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n. pl. flor·i·le·gi·a (-jē-ə)
A collection of excerpts from written texts, especially works of literature.

[New Latin flōrilegium, flower-gathering (translation of Greek anthologion, flower-gathering, anthology), from Latin flōrilegus, gathering flowers : flōs, flōr-, flower; see flower + legere, to gather; see leg- in Indo-European roots.]
American Heritage® Dictionary of the English Language, Fifth Edition. Copyright © 2016 by Houghton Mifflin Harcourt Publishing Company. Published by Houghton Mifflin Harcourt Publishing Company. All rights reserved.


n, pl -gia (-dʒɪə)
1. (Journalism & Publishing) (formerly) a lavishly illustrated book on flowers
2. (Journalism & Publishing) rare an anthology
[C17: Modern Latin, from Latin florilegus flower-collecting, from flōs flower + legere to collect]
Collins English Dictionary – Complete and Unabridged, 12th Edition 2014 © HarperCollins Publishers 1991, 1994, 1998, 2000, 2003, 2006, 2007, 2009, 2011, 2014


(ˌflɔr əˈli dʒi əm, ˌfloʊr-)

n., pl. -gi•a (-jēə).
a collection of literary pieces; anthology.
[1640–50; < New Latin flōrilegium= Latin flōri- flori- + leg(ere) to gather + -ium -ium1; a calque of Greek anthología]
Random House Kernerman Webster's College Dictionary, © 2010 K Dictionaries Ltd. Copyright 2005, 1997, 1991 by Random House, Inc. All rights reserved.


1. an anthology or collection of brief extracts or writings.
2. an anthology of good writing from the best writers for imitation.
See also: Collections and Collecting
an anthology or select collection of literary pieces.
See also: Literature
-Ologies & -Isms. Copyright 2008 The Gale Group, Inc. All rights reserved.

Florilegium, Florilegia

 a collection of flowers, 1711; of poetic passages. See also anthology.
Example: florilegia of celestial stories, 1647.
Dictionary of Collective Nouns and Group Terms. Copyright 2008 The Gale Group, Inc. All rights reserved.
ThesaurusAntonymsRelated WordsSynonymsLegend:
Noun1.florilegium - an anthology of short literary pieces and poems and ballads etc.
anthology - a collection of selected literary passages
Based on WordNet 3.0, Farlex clipart collection. © 2003-2012 Princeton University, Farlex Inc.
References in periodicals archive ?
From Mughal-era florilegia (illustrations of flora from a specific garden) to colonial Floras (botanical catalogues of specific regions), these collections gathered plant images on the page through exquisite engravings, watercolours, lithographs or pen-and-ink drawings.
Their topics include the role of the abbots of Le Bec 1034-1281, Anselm of Le Bec and Canterbury: teacher by word and example following the footprints of his ancestors, Robert of Torigni and Le Bec: the man and the myth, custom and identity at Le Bec, education and schooling at Le Bec: a case study of Le Bec's florilegia, and the monks of Le Bec and their benefactors: the nature and meaning of religious patronage.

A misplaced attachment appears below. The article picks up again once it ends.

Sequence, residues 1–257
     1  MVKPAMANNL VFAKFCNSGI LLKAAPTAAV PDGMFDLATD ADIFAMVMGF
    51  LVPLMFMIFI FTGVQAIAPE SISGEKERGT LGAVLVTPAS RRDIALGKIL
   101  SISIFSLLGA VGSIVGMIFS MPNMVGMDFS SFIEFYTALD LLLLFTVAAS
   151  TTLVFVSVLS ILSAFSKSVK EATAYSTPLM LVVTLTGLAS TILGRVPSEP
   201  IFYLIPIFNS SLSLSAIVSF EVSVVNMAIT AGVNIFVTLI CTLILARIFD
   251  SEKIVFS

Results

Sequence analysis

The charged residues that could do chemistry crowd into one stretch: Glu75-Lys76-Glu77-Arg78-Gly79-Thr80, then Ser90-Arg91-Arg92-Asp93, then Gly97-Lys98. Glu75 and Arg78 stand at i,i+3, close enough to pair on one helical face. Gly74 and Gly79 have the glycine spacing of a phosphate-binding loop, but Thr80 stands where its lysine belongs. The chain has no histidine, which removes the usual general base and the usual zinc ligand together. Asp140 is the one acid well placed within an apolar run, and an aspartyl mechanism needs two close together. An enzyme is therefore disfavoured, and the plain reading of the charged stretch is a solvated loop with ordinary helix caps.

This feminist stance appears in illuminations of biblical and patristic texts, the deliberate editing of texts to eliminate traces of misogyny, and the selection of texts for florilegia and collections of saints' lives highlighting the public role of religious women in the church.
Similarly, anthologies or florilegia were often organized in accord with topics of confessional interest, in which "Augustine was mined for proof texts about topical arguments, rather than as an independent source of intellectual inspirations" (91).
V Dougherty deflates the reputation of novelty often attached to Pico's work, demonstrating its compatibility with the traditions of quaestiones disputatae, florilegia, and dialectic.
Florilegia altaistica; studies in honour of Denis Sinor on the occasion of his 90th birthday.
(3) Invoking their auctoritas in a manner reminiscent of a compiler of florilegia patrum, she urges historians to consider taking up the challenge of a "new intellectual history." (4) Such an approach, for which the book as a whole advocates, requires the decentering of the reigning historical paradigm of applying socioanthropological models to the study of the past and replacing it with an approach that relies on postmodern theory to illuminate the textuality of historical representations.
The designs in the Florilegia collection are inspired by the Royal Horticultural Society archive.
Though such passages were commonly written down in medieval florilegia, Ong follows Havelock (1963) in attributing them to a much more ancient oral tradition that valued the flow of words and constantly recycled sayings lest they be lost by forgetting.
Fubini begins with Petrarch (1304-1374), who disdained medieval florilegia but himself used classical and ecclesiastical authors in a more assimilated process of composition.
Dance Magazine editorial assistant Sara Colburn is co-founder and co-director of Florilegia, a baroque chamber music ensemble in the San Francisco Bay Area.